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kagashe
July 23rd, 2006, 05:55 AM
Hi,

I am very much concerned after reading this article (http://msn.pcworld.com/reviews/article/0,aid,126083,pg,1,00.asp) on PCWorld.com
The 10 Biggest Security Risks You Don't Know About (http://msn.pcworld.com/reviews/article/0,aid,126083,pg,1,00.asp)

The last page (http://msn.pcworld.com/reviews/article/0,aid,126083,pg,11,00.asp) of the article says:
No Safe Haven: Threats Plague All Platforms
(http://msn.pcworld.com/reviews/article/0,aid,126083,pg,11,00.asp)

Quoting from the page:

Linux has a case of worms, too; the number of malicious programs targeting that OS doubled between 2004 and 2005. Rootkits, the looming threat for Windows PCs, actually trace back to attacks meant to take surreptitious control of the administrative "root" user on Unix OSes. Also, while being able to run your own personal Web server is part of the open-source draw, doing so can allow crooks to hijack your site or take control of your PC.

The latest twist is cross-platform malware: single programs that can assault two or more types of systems.

A proof-of-concept virus that attacks both Windows and Linux appeared in April. The virus, created by antivirus firm Kaspersky, contains no payload and does no damage. Known variously as Virus.Linux.Bi.a and also Virus.Win32.Bi.a, it infects just a single type of Linux file format (ELF) and a single type of Windows file format (PE). And it's based on old Linux elements that aren't part of newer systems. Still, it was enough of a wake-up call to prompt Linux creator Linus Torvalds to write a fix.

kagashe

Iandefor
July 23rd, 2006, 06:36 AM
I am very much concerned after reading this article (http://msn.pcworld.com/reviews/article/0,aid,126083,pg,1,00.asp) on PCWorld.com Why? It says that Linus got a fix out. No system is absolutely secure, nor even all that secure.

slimdog360
July 23rd, 2006, 06:45 AM
It was a good read, nice find.

grte
July 23rd, 2006, 06:48 AM
Yes, the bolded portion is the most important part of that excerpt, but not because of the line PCWorld is trying to push.

As has been said, no system is totally secure. What matters is that fixes are released for discovered exploits, which was done.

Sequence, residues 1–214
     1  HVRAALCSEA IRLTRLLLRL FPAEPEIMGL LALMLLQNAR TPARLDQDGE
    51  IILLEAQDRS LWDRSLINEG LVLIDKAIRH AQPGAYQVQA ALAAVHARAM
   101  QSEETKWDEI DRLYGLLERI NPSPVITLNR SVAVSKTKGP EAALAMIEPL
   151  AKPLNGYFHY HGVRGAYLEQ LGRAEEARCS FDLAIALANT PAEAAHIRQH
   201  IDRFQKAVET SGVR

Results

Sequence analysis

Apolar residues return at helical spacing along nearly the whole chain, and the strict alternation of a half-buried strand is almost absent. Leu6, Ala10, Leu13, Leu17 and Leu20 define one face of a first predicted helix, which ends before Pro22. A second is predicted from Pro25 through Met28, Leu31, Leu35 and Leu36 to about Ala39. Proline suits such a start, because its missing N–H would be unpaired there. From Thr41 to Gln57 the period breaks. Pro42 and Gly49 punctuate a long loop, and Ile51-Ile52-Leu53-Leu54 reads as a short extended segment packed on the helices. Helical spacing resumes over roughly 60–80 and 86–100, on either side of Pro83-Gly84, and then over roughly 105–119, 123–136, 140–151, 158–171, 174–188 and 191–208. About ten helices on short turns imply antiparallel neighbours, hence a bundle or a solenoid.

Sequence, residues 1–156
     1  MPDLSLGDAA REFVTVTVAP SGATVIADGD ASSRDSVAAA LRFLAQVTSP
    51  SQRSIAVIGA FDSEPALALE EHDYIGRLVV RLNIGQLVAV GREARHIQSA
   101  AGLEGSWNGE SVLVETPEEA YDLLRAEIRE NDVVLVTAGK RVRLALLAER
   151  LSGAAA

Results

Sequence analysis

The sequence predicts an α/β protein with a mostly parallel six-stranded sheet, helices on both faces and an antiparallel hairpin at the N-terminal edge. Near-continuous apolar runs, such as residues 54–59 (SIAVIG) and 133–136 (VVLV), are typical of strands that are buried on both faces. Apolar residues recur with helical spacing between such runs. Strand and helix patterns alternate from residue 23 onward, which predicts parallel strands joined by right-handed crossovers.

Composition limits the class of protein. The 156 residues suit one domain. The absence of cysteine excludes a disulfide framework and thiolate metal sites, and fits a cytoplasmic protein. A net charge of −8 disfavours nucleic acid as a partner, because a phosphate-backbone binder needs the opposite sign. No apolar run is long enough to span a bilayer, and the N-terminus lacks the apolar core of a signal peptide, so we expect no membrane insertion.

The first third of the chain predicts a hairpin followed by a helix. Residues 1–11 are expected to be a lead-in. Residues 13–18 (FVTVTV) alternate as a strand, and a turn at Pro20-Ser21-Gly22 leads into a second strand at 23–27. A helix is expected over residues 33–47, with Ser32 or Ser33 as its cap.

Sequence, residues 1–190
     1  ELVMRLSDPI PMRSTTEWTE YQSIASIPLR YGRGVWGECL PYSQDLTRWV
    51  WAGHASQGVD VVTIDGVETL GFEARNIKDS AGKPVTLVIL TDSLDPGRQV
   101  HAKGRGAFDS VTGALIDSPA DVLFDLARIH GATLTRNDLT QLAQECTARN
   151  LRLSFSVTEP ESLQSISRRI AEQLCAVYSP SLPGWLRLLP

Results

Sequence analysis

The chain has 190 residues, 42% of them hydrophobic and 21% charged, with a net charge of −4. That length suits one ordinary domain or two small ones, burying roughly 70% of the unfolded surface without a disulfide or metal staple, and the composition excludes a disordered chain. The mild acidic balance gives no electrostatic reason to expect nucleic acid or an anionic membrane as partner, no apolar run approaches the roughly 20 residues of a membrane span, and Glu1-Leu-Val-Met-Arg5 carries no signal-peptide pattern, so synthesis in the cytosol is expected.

fluffington
July 23rd, 2006, 07:20 AM
I was under the impression that Linux systems were immune to Virus.Linux.Bi.a because of a flaw in GCC, and that it was the patch referred to in the article that allowed the virus to run.

(here's the NewsForge story (http://software.newsforge.com/article.pl?sid=06/04/18/1941251))

FredB
July 23rd, 2006, 07:38 AM
By the way, unix are less sensitive to viruses than Windows. And before they are linux only viruses as bad as we can see on Windows, Vista will be dead :p

kagashe
July 23rd, 2006, 08:20 AM
Why? It says that Linus got a fix out. No system is absolutely secure, nor even all that secure.I am concerned for Windows & MAC users LOL


the bolded portion is the most important part of that excerpt

I did it here. It is not "bold" on the PCWorld article.

By the way I have made a PDF document (courtsy CupsPDF How-to on this forum) of the article and putting it up for download on rapidshare.de (http://rapidshare.de/files/26701364/PCWorld_com_-_The_10_Biggest_Security_Risks_You_Don_t_Know_Abou t.pdf.html)

kagashe

Iandefor
July 23rd, 2006, 09:48 AM
I am concerned for Windows & MAC users LOL lol! Well, that's another thing!

G Morgan
July 23rd, 2006, 09:52 PM
Old news this. As was correctly pointed out the virus didn't work on Linux kernels at the time because of a flaw in their design. Linus actually patched the kernel so the virus would work because he was confident the problem would be dealt with elsewhere and he was right for the greater part.

The virus itself is wrote in assembler so its questionable whether it will be able to do anything of relevance. It would take a stack of work to make a useful exploit in assembler and even then it would only be able to exploit specific processes which may or maynot be present on one machine to the next.

Then theres the very fact that 99% of Linux software comes via the repositories so isn't going to have a virus in it.

Really then a big fuss over nothing, an interesting thing but not really something to panic over yet.

Carrots171
July 23rd, 2006, 10:31 PM
No OS is immune to viruses. Some operating systems have a stronger "immune system" than others, though.